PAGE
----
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The great outdoors… or not



The role of animals in Australian households has evolved from cohabitants to companions. While pets were once relegated to the backyard and fed kitchen scraps, they’ve moved into our houses and hearts. Part of the reason is improved dietary options and health care for animals – animals are now healthier and cleaner than ever before.

There are now safe, reliable products to rid our pets of parasites and prevent them from getting sick. And of course healthier, consistent commercial diets mean that it’s easier to manage their waste. We’re more conscious of our neighbours and council by-laws, so we’re more likely to contain our animals responsibly and take steps to prevent nuisance behaviour such as straying and barking at the gate. We’re also more conscious of the welfare of our animals – we want to keep them safe and healthy. Moving pets indoors increases their lifespan by reducing the incidence of fighting with other animals and accidents such as motor vehicle trauma.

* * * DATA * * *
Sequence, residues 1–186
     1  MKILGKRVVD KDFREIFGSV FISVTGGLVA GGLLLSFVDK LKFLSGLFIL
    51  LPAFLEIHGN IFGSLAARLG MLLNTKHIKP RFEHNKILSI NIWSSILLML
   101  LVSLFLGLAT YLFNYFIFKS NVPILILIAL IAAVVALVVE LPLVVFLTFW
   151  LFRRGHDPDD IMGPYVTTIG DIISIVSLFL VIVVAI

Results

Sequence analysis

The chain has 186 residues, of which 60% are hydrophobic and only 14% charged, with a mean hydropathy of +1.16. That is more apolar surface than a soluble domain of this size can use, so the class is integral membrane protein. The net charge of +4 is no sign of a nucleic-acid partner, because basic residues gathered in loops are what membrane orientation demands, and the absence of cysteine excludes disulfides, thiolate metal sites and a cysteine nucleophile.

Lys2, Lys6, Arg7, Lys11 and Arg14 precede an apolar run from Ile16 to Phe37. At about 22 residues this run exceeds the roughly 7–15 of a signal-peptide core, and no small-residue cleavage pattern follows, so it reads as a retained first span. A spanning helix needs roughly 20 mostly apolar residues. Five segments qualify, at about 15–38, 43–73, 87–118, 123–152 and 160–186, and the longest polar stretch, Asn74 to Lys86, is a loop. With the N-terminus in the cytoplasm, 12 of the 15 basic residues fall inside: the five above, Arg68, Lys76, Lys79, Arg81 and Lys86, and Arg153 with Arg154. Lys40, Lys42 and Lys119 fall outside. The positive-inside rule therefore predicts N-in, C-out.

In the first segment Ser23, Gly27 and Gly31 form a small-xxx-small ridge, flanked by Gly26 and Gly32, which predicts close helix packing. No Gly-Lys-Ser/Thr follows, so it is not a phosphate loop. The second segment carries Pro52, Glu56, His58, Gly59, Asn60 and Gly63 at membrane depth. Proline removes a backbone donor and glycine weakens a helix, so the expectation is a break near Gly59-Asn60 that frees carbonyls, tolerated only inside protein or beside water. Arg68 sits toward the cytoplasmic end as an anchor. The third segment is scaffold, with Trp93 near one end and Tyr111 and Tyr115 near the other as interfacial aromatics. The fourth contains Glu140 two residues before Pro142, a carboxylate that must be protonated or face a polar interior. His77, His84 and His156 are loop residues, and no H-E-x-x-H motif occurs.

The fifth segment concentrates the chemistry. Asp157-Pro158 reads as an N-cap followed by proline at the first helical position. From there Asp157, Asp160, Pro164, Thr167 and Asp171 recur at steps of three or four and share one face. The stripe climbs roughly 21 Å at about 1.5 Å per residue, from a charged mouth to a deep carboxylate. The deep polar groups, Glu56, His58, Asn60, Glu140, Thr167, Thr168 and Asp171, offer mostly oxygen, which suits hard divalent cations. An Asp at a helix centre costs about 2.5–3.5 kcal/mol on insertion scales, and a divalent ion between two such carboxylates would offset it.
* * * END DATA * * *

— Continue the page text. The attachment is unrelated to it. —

But one of the biggest reasons for this shift from primarily outdoor to primarily indoor pets is the demise of the great Aussie backyard. Our preference for higher density urban living means that the large suburban backyard is less common than it once was. In fact, many of us don’t even have a backyard. But that doesn’t spell bad news for companion animals. Let’s look at some of the myths about pets and the great outdoors.